Asthma is identified as a chronic inflammation of the airways resulting in wheezing, tightness of the chest, coughing & difficulty breathing.
Experiencing an asthmatic episode can be frightening and individual’s often fail to understand how to prevent these episodes. A common trigger of an asthmatic episode is physical activity and individuals will begin to exclude the hobbies they love such as team sports and gym workouts from their daily regime. Studies reveal exercise is an exceptional (and free) method to alleviate the signs/symptoms of asthma and increase VO2max when training effectively. Find out how!
Use the below tips to alleviate the signs/symptoms of asthma and regain confidence in exercise.
- Avoid training in cold, dry and high-pollutant environments. These types of environments are considered triggers of asthmatic episodes.
- A warm up is CRITICAL: 15 minutes of aerobic exercise is proven to decrease the frequency of asthmatic symptoms during exercise. Warming up encourages a “refractory period” (a symptom-free period post warm up) allowing the individual to exercise without restriction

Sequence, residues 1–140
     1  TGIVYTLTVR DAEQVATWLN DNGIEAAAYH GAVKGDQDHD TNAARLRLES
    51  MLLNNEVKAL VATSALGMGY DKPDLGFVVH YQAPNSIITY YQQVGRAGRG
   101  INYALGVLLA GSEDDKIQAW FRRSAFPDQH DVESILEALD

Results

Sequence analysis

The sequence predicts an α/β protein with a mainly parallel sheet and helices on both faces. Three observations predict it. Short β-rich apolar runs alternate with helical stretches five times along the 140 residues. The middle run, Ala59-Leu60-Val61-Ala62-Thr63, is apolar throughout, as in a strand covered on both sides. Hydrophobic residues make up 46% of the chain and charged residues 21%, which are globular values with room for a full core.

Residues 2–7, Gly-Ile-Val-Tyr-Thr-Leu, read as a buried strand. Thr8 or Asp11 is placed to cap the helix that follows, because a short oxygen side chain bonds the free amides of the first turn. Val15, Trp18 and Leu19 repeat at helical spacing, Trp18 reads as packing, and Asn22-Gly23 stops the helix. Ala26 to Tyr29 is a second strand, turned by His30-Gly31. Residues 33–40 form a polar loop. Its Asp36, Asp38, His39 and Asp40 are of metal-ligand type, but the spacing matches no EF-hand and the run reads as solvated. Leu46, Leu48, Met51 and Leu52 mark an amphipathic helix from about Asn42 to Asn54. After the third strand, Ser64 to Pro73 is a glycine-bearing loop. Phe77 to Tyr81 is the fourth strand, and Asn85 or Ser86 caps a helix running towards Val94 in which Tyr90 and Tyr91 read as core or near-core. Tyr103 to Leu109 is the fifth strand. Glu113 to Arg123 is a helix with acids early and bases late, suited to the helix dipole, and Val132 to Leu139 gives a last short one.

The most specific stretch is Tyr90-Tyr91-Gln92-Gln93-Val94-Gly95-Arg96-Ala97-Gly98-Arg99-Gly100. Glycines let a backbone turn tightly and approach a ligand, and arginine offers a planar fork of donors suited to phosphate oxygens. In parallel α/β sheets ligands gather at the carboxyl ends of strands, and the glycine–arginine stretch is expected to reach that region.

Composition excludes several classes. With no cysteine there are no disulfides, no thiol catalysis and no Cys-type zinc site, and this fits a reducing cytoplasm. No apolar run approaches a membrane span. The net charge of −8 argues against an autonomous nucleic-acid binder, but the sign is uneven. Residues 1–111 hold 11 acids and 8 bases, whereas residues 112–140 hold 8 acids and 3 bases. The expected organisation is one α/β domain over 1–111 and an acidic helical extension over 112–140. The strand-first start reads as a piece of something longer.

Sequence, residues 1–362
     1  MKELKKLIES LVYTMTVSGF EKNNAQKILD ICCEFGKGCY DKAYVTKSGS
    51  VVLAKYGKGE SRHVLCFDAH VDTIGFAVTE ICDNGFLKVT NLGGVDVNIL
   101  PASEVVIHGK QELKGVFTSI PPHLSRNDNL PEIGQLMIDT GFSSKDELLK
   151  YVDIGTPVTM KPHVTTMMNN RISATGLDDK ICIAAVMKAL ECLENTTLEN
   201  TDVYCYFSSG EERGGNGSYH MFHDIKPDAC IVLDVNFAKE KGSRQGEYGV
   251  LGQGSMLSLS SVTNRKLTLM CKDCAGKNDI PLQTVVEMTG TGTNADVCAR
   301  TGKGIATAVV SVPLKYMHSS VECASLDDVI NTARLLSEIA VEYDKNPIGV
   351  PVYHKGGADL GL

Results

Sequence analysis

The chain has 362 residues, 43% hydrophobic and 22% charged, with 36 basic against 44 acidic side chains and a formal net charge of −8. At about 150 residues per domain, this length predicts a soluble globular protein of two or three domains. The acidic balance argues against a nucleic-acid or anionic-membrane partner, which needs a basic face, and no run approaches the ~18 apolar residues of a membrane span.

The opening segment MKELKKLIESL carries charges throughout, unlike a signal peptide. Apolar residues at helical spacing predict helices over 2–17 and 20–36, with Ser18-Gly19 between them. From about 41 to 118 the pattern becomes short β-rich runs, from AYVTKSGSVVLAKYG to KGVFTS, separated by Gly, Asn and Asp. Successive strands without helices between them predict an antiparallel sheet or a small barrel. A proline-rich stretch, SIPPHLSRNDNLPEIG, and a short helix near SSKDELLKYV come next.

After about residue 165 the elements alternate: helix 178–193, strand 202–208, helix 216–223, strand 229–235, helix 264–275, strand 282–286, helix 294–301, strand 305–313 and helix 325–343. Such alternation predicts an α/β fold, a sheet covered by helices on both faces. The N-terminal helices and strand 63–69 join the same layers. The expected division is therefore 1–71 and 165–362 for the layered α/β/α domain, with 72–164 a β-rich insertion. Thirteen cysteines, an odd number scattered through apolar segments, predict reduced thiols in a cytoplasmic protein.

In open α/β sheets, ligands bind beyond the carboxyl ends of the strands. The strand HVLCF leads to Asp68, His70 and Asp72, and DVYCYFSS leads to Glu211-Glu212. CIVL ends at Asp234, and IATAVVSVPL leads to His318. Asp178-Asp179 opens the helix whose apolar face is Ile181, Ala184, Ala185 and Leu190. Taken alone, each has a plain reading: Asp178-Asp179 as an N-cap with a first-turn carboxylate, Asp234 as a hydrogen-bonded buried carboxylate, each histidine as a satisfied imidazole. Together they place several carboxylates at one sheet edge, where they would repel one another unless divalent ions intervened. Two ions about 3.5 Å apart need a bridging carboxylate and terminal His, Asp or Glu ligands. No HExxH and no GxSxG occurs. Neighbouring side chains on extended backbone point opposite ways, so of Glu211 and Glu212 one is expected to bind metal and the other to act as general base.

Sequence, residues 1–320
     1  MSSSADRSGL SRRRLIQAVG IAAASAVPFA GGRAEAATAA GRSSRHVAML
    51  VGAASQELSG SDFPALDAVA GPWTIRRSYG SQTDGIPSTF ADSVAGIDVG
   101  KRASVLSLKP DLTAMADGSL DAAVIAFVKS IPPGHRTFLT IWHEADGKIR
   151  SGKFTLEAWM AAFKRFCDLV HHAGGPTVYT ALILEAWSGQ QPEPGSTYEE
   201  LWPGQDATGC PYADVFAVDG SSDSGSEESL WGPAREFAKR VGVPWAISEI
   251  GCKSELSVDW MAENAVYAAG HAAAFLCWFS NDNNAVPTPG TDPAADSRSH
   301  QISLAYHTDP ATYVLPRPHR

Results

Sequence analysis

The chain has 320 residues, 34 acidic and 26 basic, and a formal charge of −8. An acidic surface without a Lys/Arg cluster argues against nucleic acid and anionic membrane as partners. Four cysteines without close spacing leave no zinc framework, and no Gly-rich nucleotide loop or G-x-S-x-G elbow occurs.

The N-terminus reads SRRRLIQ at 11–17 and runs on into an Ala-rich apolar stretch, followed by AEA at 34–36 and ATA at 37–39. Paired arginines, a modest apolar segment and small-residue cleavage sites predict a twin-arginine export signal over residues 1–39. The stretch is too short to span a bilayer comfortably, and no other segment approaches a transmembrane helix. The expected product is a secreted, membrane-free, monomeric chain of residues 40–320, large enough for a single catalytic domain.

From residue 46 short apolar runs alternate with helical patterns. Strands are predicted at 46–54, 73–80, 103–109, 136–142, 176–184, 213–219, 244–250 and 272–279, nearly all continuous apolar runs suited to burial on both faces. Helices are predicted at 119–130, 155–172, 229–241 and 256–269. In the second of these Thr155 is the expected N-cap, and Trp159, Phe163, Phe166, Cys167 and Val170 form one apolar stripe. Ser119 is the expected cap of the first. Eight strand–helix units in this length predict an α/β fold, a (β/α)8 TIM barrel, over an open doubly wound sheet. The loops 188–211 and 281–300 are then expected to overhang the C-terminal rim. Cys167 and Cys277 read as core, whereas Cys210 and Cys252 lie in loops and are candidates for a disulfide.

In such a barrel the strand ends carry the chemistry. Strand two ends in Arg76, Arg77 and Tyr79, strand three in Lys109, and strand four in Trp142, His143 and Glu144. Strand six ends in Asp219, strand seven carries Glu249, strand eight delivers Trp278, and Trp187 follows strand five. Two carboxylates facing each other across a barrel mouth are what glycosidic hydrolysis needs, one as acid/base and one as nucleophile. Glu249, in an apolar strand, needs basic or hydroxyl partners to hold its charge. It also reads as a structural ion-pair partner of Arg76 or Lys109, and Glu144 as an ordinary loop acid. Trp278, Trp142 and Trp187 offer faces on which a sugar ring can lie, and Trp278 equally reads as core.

- Commence with a low-intensity workout and progressively increase as workouts become easier to complete
- Breathing through a mask or scarf encourages inhalation of pre-warmed and humidified air decreasing the likelihood of asthmatic episodes
Studies have proven that participation in regular physical activity will increase aerobic fitness and creates ease in completing everyday tasks symptom-free. Partaking in physical activity strengthens respiratory muscles which increases the ability to complete exercise at a higher intensity without limitations. The likelihood of breathlessness will decline, and quality of life rises.
Contact Absolute Balance for a personalised program tailored to your needs and abilities to ensure maximal benefit and management of your asthma. If David Beckham can win league titles with asthma, why can’t you?
Danica Falcone – B.Sc. Exercise, Sports and Rehabilitation
Exercise Scientist (AES)(ESSAM)
Turner, S. (2009). Burden of disease and benefits of exercise in fixed airway obstruction asthma.
Aggarwal, B., Mulgirigama, A., & Berend, N. (2018). Exercise-induced bronchoconstriction: prevalence, pathophysiology, patient impact, diagnosis and management. Npj Primary Care Respiratory Medicine, 28(1). doi: 10.1038/s41533-018-0098-2
MacAuley, D. & Best, T. (2007). Evidence-Based Sports Medicine. Massachusetts, BMJ Books.